Unmasking the Bourgeoise

Marriage in Bourgeoise Family Life

A Love Story

Romance  

 

Marriage


Real Life

Jeune fille qui fait sa priere a l' Amore, Grueze, 18th C.: Brookner.
During the nineteenth century, young Bourgeoise were facing the growing competition of marriage. The intensified public discussion of the special role of women within marriage and the ubiquitous romantic and marital themes portrayed in literature had the natural effect of preoccupying young women's thoughts with marriage and, for many, increasing their anxieties about it (Hartman, 51).

The prospects of marriage marked much of their adolescent years with conformity to the elaborate bourgeoise rituals, a system of social match-making. The importance of social advancement was among the criteria for a "good" marriage. Moreover, was the dowry the groom's parents could obtain from such an exchange; the higher the dowry, the better the prospects for a bourgeois son. Among other terms of the marriage exchange were name, reputation, class, and beauty (Zeldin, 287). A woman's beauty was sometimes weighed more heavily than even money. (Women distinguished themselves by the preservation of their appearance in order to attract men.)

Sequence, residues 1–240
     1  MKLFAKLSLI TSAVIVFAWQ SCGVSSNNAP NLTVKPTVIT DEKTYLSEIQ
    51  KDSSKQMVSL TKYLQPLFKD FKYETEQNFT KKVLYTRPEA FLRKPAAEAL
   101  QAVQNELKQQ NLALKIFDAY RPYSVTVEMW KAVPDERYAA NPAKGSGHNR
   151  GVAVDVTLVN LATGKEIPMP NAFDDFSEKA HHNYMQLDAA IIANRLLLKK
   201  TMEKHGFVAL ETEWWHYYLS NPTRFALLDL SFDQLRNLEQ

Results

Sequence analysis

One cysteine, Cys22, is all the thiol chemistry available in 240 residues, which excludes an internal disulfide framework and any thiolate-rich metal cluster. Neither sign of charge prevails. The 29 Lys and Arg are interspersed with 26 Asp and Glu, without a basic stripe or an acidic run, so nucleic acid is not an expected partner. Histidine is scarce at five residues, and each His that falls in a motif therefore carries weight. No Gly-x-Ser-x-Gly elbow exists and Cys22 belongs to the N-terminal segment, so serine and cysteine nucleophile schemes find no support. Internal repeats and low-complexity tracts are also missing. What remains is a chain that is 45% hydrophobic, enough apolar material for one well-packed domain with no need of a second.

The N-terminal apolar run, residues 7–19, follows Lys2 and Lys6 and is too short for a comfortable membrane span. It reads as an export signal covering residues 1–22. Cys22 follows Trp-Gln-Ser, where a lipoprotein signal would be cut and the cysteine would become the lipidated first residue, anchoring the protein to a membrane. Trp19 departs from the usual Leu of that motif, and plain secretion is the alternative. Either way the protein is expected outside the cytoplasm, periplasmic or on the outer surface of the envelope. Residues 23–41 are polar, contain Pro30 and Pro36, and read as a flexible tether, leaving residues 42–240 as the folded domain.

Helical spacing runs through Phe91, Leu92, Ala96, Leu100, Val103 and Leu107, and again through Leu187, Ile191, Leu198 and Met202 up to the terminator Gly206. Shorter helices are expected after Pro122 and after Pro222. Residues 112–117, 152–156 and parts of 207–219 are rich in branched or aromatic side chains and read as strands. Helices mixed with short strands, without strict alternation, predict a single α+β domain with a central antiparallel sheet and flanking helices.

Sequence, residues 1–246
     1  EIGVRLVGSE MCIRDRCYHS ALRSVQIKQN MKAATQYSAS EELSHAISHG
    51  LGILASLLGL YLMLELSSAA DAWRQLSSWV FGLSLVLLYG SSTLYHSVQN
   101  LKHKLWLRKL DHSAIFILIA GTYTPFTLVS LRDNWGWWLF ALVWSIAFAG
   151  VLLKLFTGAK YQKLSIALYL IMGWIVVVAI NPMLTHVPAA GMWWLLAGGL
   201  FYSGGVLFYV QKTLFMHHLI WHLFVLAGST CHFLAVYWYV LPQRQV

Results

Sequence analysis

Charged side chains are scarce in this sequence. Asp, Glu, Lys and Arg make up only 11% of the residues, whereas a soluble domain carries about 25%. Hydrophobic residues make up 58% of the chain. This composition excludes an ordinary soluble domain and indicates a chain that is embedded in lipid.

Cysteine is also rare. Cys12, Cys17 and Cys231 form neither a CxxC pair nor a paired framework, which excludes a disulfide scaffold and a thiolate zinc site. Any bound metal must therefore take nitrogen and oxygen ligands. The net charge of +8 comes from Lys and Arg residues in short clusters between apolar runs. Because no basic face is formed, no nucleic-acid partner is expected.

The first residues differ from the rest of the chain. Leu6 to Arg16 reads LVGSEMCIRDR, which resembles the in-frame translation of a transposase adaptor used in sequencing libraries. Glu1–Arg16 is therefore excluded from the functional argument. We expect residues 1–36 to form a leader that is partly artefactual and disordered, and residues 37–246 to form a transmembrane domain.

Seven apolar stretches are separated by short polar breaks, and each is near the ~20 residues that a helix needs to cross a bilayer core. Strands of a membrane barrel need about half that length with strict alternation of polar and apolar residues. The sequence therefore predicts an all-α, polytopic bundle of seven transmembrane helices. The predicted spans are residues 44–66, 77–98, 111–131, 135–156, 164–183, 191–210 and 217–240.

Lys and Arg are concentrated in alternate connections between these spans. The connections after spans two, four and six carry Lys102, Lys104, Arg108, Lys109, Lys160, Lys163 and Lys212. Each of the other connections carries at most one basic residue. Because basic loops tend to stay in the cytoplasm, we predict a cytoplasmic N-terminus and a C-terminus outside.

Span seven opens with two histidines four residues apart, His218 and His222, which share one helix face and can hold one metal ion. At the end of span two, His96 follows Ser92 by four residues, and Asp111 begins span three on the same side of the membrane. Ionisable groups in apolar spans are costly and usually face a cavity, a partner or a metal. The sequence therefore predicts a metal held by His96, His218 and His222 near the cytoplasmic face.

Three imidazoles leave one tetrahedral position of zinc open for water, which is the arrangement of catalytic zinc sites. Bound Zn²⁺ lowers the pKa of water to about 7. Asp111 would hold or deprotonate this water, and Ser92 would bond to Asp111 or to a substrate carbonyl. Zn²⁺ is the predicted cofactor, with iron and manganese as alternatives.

Taught from early childhood that marital status was their unique objective, young Bourgeoise came to believe that being a wife was the sole purpose of their existence. In preparation for this central event, adolescent girls participated in the "education" of marriage.

This informal practice taught Bourgeoise girls to be future housewives. They learned how to maintain the house, supervise the servants, converse with their husbands, and to raise their children. For these young girls, whose only goal was marriage, formal education was not required in the sense of subjects like science and mathematics, but rather a simple tasting of the general culture: skill in the arts as in music and drawing, and practical training in cooking, hygiene, and child-rearing (Perrot, 309).

Life's progression for bourgeoise women who shared the goal of marriage was relatively the same: the commencement of adult life, the search for a spouse. "Ultimately came marriage followed by the birth of children" (Perrot, 308).

While we would now view the education of marriage as a tool to persuade young women of the necessity to conform to the conventional standards of femininity, marriage, for many women during this time had its positive attractions. For many, marriage brought with it freedom, a husband to love, an increased social position, and money to buy the luxuries in life.